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Fort Lewis College offers full tuition waivers for Native American students

Fort Lewis College in Durango, CO.

Fort Lewis College in Durango, CO.

Submitted by Tesia Zientek

Fort Lewis College, a public liberal arts school located on a mesa overlooking historic Durango, Colorado, provides full tuition waivers for enrolled Native Americans. For students looking for an affordable multicultural college experience and small class sizes, Fort Lewis presents an option.

Originally a military fort-turned-Native American boarding school, Fort Lewis College now offers tuition-free education for qualified Native Americans as a result of a 1911 mandate. For out-of-state students, this saves close to $17,000 per year.

To receive the waiver, any student who is a member of a federally recognized tribe must complete a Certification of Tribal Membership form and provide a Certificate of Indian Blood or a copy of their tribal membership card. Any nontuition-related expenses, including fees, books and room and board, remain the responsibility of the student. However, scholarships such as the Citizen Potawatomi Nation Tribal Scholarship can help offset these costs.

Fort Lewis College’s focus on educating indigenous students has led to the highest Native American student population enrolled at a liberal college at 25.7 percent, according to a 2017 Chronicle of Higher Education article. Also, Fort Lewis has been selected as one of the Top 200 Schools for Native Americans by the American Indian Science and Engineering Society (AISES). With a robust Native American and Indigenous Studies program, its on-campus Native American Center and the Hozhoni Days Powwow, tribal students enjoy a plethora of opportunities to stay involved in their culture.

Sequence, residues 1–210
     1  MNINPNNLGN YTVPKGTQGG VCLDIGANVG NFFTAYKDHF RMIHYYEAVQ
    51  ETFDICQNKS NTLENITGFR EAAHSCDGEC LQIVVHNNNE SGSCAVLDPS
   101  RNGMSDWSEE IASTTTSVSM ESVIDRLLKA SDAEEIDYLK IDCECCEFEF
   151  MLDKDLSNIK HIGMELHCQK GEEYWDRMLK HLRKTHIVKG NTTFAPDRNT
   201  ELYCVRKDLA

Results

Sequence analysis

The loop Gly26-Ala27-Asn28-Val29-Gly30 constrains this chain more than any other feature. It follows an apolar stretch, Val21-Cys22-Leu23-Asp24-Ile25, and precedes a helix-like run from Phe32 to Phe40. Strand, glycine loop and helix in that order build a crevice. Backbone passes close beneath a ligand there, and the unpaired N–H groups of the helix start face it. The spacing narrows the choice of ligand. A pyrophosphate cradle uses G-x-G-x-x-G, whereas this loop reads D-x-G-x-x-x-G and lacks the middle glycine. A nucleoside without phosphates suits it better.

Citizen Potawatomi Nation tribal member Hailey Eilers transferred from St. Gregory’s University in Shawnee, Oklahoma, to Fort Lewis College this semester to study education.

“The school is on top of a hill that overlooks the Durango valley, and you can see absolutely gorgeous 12,000-foot mountains in the distance,” she said. “It’s a small enough school where there are only 30 people in each class, but there’s still something for everyone to do and take part in here. I’d recommend Fort Lewis to anyone.”

Interested students can apply and learn more at fortlewis.edu. To discuss college options and opportunities for Native American scholarships, Citizen Potawatomi students can contact the CPN Department of Education at college@potawatomi.org or 405-275-3121.